A couple days ago I was looking through my Stephanie Flint Goodreads author dashboard (I also have an account under my maiden name, where I post my reviews), and I decided to answer another one of the author questions (you can see my answers here). One of the questions was on writer’s block, and that got me thinking about the concept. I wanted to elaborate on my original answer to “How do you deal with writer’s block?” and this post is the result.
(Parts of this post are taken from from my original answer on my Goodreads page. The rest is new).
I have a ton of story ideas I like to work on, so I rarely feel like I have true writer’s block. It’s more like having a zig-zagging line of a ping pong ball that doesn’t get anywhere fast because it’s trying to go too many places at once. That being said, there are times when I’m not really in the mood to write, or I don’t know how to approach a scene.
If I’m not in the mood to write, I’ll often switch to a different writing project (since I write in slightly varying genres, the projects themselves have different moods). An example of this is when I want something more lighthearted, I might work more on The Wishing Blade series (Middle-Grade/YA Fantasy). Ultimately, I expect that series to have a happy end (though I could surprise myself). If I want to work on something darker, I’ll switch to The Multiverse Chronicles (Adult Steampunk Fantasy war). Both feature war and fighting. but the approach, depending on the scene, is different.
Another example of this is the difference between Distant Horizon and Glitch. Both take place in the same universe, but the themes are different. Distant Horizon is a dystopia at heart, but it’s science-fiction and action, with a few horror elements thrown into the mix. The horror elements add to the tone, but they don’t dominate. In Glitch, the story takes on a more science-fantasy tone, with very heavy horror elements. There’s a sense of dread throughout the book, with a tragic ending rather than a feeling of determination.
If I’m having trouble working on a story in particular, maybe my heart just isn’t into tormenting the main character. I’ll switch projects for a little while. Of course, if I want to drive a character insane, it’s just as easy to switch projects to that story arc and work on the scene I really want to write.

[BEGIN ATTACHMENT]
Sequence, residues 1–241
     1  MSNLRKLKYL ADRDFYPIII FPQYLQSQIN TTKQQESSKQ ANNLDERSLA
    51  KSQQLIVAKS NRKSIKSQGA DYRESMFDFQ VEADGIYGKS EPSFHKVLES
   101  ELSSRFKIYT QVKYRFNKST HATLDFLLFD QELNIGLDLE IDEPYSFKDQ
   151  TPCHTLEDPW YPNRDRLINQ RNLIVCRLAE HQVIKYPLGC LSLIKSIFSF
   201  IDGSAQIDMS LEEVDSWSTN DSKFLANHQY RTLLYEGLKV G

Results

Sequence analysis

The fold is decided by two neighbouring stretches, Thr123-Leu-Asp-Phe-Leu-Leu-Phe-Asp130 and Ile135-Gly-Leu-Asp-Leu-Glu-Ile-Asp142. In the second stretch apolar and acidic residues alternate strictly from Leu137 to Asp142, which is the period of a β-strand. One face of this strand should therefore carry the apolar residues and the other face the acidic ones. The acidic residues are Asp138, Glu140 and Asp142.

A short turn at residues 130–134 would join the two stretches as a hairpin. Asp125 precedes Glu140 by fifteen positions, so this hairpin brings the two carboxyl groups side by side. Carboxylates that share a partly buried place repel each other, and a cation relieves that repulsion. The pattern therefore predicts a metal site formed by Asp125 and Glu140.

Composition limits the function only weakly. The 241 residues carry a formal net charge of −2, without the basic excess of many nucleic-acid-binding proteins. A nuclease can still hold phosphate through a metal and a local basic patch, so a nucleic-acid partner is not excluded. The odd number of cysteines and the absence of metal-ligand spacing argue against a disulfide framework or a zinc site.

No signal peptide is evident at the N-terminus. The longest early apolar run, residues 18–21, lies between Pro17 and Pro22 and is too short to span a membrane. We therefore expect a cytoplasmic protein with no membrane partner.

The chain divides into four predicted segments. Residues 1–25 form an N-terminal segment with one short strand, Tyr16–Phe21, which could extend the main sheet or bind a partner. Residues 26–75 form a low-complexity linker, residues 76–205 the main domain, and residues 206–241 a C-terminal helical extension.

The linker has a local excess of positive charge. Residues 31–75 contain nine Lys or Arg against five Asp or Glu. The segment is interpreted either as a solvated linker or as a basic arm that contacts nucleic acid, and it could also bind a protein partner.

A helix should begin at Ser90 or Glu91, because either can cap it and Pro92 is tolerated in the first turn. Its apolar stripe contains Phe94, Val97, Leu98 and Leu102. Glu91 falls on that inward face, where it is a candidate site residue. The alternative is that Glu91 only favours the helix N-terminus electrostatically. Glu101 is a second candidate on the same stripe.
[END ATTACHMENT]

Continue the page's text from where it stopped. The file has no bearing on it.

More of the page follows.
Alternatively, if you prefer to write linearly, but you’re stumped, you might try writing a detailed summary of the scene, or even just a few sentences describing what should happen so that you can keep moving forward and not get stuck. After all, you now have the idea written, even if it’s not fully fleshed out. I did this quite a bit for Little One.
Other times I’ll work on editing and revision instead of writing something completely new. The process of cleaning up the manuscript is usually different than putting a whole new sequence on paper (er… the computer). For me, having multiple projects lets me keep moving along even when one stalls (such as if you have to send it out to beta-readers or an editor or need to set it aside for a month so you can come back to it fresh).
In the event that I don’t know how to approach a particular scene, a lot of times I’ll find music that fits the mood, and listen to that while daydreaming the scene from multiple angles. I’ve got eclectic music tastes. I might go from listening to Epica and Xandria to Gordon Lightfoot and Dan Fogelberg in the same day, all while working on different scenes.
Finding music that matches the mood can be really helpful.
Another music option to consider is that if you’ve listened to a particular song or set of songs while plotting, listening to that music again can help rekindle the desire to work on the story. (Youtube playlists are nice for this, at least until the a video in the playlist is removed or made private, and can’t remember what songs you had listed).
When I started back on working with Magic’s Stealing, I was listening to Gordon Lightfoot’s “The House You Live In,” “Race Among the Ruins,” and “Shadows.” Also found a rendition of “Rainbow Connection” that I liked. Those were some of the original songs I plotted to. Since then, I’ve added other songs to those, but those were my starting point for re-imagining the series.
A different example is for Distant Horizon. “Subdivisions” by Rush and “Brave New World” by Styx immediately come to mind, and listening to those songs will quickly have me daydreaming for the book. Alternatively, “Pushing the Speed of Light” by Julia Ecklar and Anne Prather, and “The Phoenix” by Julia Ecklar will have me wanting to work on Glitch.
Funny thing, though, is that just because you might have a certain mood associated with a song, not everyone is going to picture the same thing. Take a look at fan music videos. Some you’ll think work really well to fit the story. Others… well, you might feel they’re grasping at straws. But the key for your plotting purposes is to find music that helps you. Unless you’re trying to come up with a playlist that absolutely matches the story for readers to enjoy, at which point that might be a bit different.
Finally, I’ve noticed a tendency in the weather and time of year having an effect on the stories I want to write. Come November, I’ll want to work on Magic’s Stealing. Right now, as it’s the beginning of summer, I want to work on Distant Horizon. At the same time, the start of the school year season will have the same result. A lot has to do with when I started plotting a story, and the setting of the story itself.
But that’s just me. Do you ever have to deal with not wanting to write, and if so, how do you work around it?
I hope you found this post helpful. 🙂